ESI Design, a pioneer in media architecture as an element of experience design, has been helping buildings become more human centric by giving a visualized voice to the various tasks of the occupants and infrastructure within it. By tapping into energy-saving LEED elements, for example, and sharing that data visually via a large-scale immersive display, the building starts to have a conversation with passersby about what the structure is doing in the landscape.

Designs for these interactive and generative digital landmark features require specialized integration of AV technologies, and the need for same will continue to grow. “Providing a way for a space to have this flexible layer that really allows the building to evolve and change over time, and respond to visitors and their behaviors, is something that is becoming very important quality for a building to have,” notes Emily Webster, Principal, Creative with ESI Design, an NBBJ studio.

Scienceworks

The “Beyond Perception: Seeing the Unseen” interactive experience designed by Arup at Melbourne Museums’ Scienceworks,  © Arup 

The possibilities for these interactive activations take many forms, including simulation and multiperson games and other experiential expressions of a brand or location’s goals and ideals. “For us, using the digital layer as a tool is part of our palette, but we really like to think about what our client needs to be able to reach their audience, and not limiting that just to the digital toolset. We describe that as experience design, and that's why we were able to feel really confident in joining with NBBJ, because they appreciated that kind of thinking and wanted it folded into their work.”

Responsive Branding Expands

A client-centric practice is also a core principle at Gensler, which by revenue is the largest architectural firm in the world. And it was in the 1980s that the firm recognized that its clients were seeking physical spaces that reflected their individual brands. Thus, a robust brand practice evolved, giving the firm a thorough understanding of how to express unique traits of companies through the built environment.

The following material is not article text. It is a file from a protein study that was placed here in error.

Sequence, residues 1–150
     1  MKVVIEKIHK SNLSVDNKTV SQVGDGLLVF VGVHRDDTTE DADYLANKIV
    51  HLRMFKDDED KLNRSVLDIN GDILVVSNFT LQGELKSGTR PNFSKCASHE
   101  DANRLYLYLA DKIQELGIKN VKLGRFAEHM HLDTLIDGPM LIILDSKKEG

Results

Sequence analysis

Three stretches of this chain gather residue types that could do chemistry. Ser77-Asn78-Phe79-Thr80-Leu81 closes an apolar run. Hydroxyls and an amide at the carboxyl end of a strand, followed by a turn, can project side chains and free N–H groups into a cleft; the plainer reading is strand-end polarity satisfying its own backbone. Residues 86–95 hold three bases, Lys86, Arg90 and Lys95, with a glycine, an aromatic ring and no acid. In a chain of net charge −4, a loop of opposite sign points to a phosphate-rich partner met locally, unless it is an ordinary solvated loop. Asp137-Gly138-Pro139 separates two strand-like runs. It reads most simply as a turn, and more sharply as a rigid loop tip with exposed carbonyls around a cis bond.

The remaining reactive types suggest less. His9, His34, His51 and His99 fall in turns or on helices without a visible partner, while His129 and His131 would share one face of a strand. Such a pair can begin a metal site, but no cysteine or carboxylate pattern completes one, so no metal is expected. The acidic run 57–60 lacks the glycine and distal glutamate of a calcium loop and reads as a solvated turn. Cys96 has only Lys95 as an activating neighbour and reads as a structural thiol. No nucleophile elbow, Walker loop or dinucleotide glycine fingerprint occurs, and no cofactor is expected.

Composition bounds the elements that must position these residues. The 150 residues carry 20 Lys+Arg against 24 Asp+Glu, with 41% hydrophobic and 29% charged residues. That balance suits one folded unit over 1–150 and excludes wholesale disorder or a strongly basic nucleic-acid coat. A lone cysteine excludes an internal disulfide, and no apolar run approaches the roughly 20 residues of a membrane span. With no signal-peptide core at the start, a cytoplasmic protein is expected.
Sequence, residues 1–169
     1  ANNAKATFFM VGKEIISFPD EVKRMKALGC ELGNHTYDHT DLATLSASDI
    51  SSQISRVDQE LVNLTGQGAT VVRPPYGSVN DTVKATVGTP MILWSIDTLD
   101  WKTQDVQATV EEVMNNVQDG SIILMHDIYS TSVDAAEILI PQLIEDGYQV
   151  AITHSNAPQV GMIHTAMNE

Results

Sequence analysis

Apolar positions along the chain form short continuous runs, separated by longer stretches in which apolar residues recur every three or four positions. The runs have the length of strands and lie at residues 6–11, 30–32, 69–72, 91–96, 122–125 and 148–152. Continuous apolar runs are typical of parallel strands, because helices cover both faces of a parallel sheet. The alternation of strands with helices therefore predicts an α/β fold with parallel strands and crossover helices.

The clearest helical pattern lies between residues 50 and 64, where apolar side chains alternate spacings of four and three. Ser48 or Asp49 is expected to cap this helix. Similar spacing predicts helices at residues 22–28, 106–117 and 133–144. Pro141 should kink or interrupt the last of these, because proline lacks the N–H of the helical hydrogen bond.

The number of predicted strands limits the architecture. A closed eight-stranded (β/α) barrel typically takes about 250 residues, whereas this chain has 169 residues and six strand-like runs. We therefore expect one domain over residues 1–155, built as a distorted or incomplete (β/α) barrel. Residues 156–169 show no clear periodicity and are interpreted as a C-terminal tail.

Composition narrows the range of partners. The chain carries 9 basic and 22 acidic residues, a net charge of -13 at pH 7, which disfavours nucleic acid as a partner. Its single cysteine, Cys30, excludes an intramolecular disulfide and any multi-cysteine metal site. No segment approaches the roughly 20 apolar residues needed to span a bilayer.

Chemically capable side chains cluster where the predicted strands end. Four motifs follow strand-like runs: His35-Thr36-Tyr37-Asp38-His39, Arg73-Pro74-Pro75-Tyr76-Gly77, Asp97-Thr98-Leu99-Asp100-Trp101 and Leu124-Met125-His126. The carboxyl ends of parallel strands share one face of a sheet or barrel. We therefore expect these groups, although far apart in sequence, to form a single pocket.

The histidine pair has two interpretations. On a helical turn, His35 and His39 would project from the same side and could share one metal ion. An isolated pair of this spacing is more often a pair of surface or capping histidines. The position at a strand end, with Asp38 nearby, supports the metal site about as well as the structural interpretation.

It was out of its brand practice that Gensler got into digital elements of expression and wayfinding, and with increased demand for new innovations in this area, the practice became substantial enough to become its own entity: Digital Experience Design (DXD).

Gensler’s investment in this sector has prompted DXD to more than double in size within each of its three years of existence. Now with 90 DXD team members working out of offices across the U.S. and globally, Gensler is experimenting with a multitude of new ways that brands can express themselves through technological means.

But here too the emphasis isn’t on the technology itself, but its subtle integration into the built environment. “If the identity that's communicated with that one big installation is also expressed throughout the digital signage and graphics and wayfinding, then the power of the ‘one big cool thing’ becomes triple-fold,” says Michael Schneider, Director of Media Architecture with Gensler.

Weaving those digital design elements throughout a space and tapping into data to create outward visual depictions of a building’s purpose and role in a community will continue to be a growing practice, particularly as the idea of “smart buildings” takes off. This is a moment of opportunity for AV integrators who start connecting with IT and data elements and expand into whole-building design and branding efforts. 

“We are at the cusp of the next revolution of the built environment,” Schneider says, comparing the moment to the internet’s leap from passive browsing into responsive Web 2.0. A similar shift toward dynamism, analytics-driven personalization, and flexibility across different platforms is about to change buildings, campuses and cities.

As these mega firms shift toward a more comprehensive use of media architecture across the built environment, they are looking to AV designers to realize the vision. It’s time to start talking about how audiovisual elements can help to “surface” data on displays, to help envision how lighting and acoustics influence a space’s story and feeling, and to prepare for the imminent arrival of augmented reality. Talking about the future is going to be a lot more fun when the whole environment is speaking our language.

About Kirsten Nelson

Kirsten Nelson has written about audio, video and experience design in all its permutations for more than 20 years. As a writer and content developer for AVIXA, Kirsten connects stories, people and technology through a variety of media. She also directs program content for the TIDE Conference and Technology Innovation Stage at InfoComm. For three years, she also created conversations around emerging media and experiential design at InfoComm's Center Stage. Prior to that, Kirsten was the editor of SCN magazine for 17 years.